Diamond tool wear mode, path and tip temperature distribution considering effect of varying rake angle and duncut/Redge ratio
LN Abdulkadir and K Abou-El-Hossein, SURFACE TOPOGRAPHY-METROLOGY AND PROPERTIES, 7, 025011 (2019).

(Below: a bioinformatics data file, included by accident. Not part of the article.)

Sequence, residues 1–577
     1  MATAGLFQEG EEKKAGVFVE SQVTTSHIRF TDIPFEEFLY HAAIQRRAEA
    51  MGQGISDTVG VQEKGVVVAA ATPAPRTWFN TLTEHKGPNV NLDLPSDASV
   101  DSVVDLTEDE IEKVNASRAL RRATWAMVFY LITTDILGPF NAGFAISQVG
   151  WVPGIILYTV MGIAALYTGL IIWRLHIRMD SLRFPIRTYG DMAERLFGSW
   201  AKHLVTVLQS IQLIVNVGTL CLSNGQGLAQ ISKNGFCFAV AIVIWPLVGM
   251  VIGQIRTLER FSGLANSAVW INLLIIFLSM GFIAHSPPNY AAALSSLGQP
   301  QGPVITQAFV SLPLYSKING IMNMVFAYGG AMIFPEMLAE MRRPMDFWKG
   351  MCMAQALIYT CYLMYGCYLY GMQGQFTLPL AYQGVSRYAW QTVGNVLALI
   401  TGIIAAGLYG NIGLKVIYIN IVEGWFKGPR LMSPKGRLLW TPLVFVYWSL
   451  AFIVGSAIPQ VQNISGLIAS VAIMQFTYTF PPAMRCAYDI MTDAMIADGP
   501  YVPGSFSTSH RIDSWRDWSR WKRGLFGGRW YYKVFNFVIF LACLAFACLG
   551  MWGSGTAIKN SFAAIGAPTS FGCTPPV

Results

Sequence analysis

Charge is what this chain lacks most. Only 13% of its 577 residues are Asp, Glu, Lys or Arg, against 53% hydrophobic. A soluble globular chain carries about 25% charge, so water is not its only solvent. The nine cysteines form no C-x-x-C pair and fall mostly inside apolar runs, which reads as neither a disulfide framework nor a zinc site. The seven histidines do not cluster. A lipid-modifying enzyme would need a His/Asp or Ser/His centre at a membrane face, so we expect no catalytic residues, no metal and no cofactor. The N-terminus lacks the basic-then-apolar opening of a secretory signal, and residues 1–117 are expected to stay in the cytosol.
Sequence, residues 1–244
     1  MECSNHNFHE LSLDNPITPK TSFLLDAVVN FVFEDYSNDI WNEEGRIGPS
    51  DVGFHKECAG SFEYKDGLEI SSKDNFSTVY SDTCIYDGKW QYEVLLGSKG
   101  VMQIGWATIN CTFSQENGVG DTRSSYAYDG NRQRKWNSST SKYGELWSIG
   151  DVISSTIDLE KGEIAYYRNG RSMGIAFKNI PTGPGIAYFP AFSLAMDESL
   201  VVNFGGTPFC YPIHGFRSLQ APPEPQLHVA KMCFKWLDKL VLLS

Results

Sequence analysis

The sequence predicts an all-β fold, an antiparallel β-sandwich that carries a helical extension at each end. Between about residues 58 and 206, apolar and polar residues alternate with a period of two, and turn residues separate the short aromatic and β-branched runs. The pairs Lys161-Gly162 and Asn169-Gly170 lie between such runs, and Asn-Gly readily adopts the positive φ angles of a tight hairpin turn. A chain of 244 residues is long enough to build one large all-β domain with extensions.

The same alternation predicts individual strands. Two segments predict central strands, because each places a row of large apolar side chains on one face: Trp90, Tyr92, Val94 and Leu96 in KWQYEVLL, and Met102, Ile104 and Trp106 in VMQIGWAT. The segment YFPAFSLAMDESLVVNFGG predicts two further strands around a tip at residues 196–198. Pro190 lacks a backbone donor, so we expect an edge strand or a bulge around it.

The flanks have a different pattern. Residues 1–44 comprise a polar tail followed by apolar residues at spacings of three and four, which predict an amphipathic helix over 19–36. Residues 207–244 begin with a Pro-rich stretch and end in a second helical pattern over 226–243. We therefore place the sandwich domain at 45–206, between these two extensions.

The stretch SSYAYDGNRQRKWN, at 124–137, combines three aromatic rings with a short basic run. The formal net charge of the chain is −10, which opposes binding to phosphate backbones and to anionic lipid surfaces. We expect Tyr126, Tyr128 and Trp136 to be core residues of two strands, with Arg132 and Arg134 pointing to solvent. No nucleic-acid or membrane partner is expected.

Diamond tool wear has been proven to strongly depend on the temperature at the cutting zone. This is because the elevated temperature so attained during machining not only lowers carbon cohesion energy thereby reducing the fracture toughness of diamond tool due to C-C bond weakening but also facilitates high rate of carbon diffusion from diamond tool into silicon workpiece leading to high tool wear. This research therefore studied the response of diamond tool wear path and model to changing rake angle and d(uncut)/R-edge ratio during ultraprecision single point diamond turning of a monocrystalline silicon. It was observed from the study that the tool with larger rake angle and high d(uncut)/R-edge ratio experienced stronger cutting resistance from the workpiece thereby causing the kinetic friction to be high. Additionally, silicon carbide (Tribochemistry) formation was observed to be through both solid-state single phase and multiphase reaction which are in tandem with sp(3)-SP2 disorder (graphitization) of diamond with bulk of the observed tool wear happening in the flank face which could be due to increasing rake angle influence on the changing d(uncut)/R-edge ratio.
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